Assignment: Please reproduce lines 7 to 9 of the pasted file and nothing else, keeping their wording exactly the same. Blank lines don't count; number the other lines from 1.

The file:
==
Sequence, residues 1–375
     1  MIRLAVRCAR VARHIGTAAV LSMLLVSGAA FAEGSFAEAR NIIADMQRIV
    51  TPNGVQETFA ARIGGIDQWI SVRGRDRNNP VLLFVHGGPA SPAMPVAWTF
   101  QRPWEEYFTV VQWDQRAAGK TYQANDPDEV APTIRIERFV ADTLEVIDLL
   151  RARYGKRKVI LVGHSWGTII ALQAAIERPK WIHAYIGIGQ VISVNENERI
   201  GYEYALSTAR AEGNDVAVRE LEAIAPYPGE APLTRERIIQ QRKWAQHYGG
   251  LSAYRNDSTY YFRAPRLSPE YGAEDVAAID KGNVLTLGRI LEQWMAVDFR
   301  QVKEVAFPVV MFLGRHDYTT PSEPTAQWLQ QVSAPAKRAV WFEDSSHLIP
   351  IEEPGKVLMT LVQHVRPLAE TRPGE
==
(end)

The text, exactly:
   251  LSAYRNDSTY YFRAPRLSPE YGAEDVAAID KGNVLTLGRI LEQWMAVDFR
   301  QVKEVAFPVV MFLGRHDYTT PSEPTAQWLQ QVSAPAKRAV WFEDSSHLIP
   351  IEEPGKVLMT LVQHVRPLAE TRPGE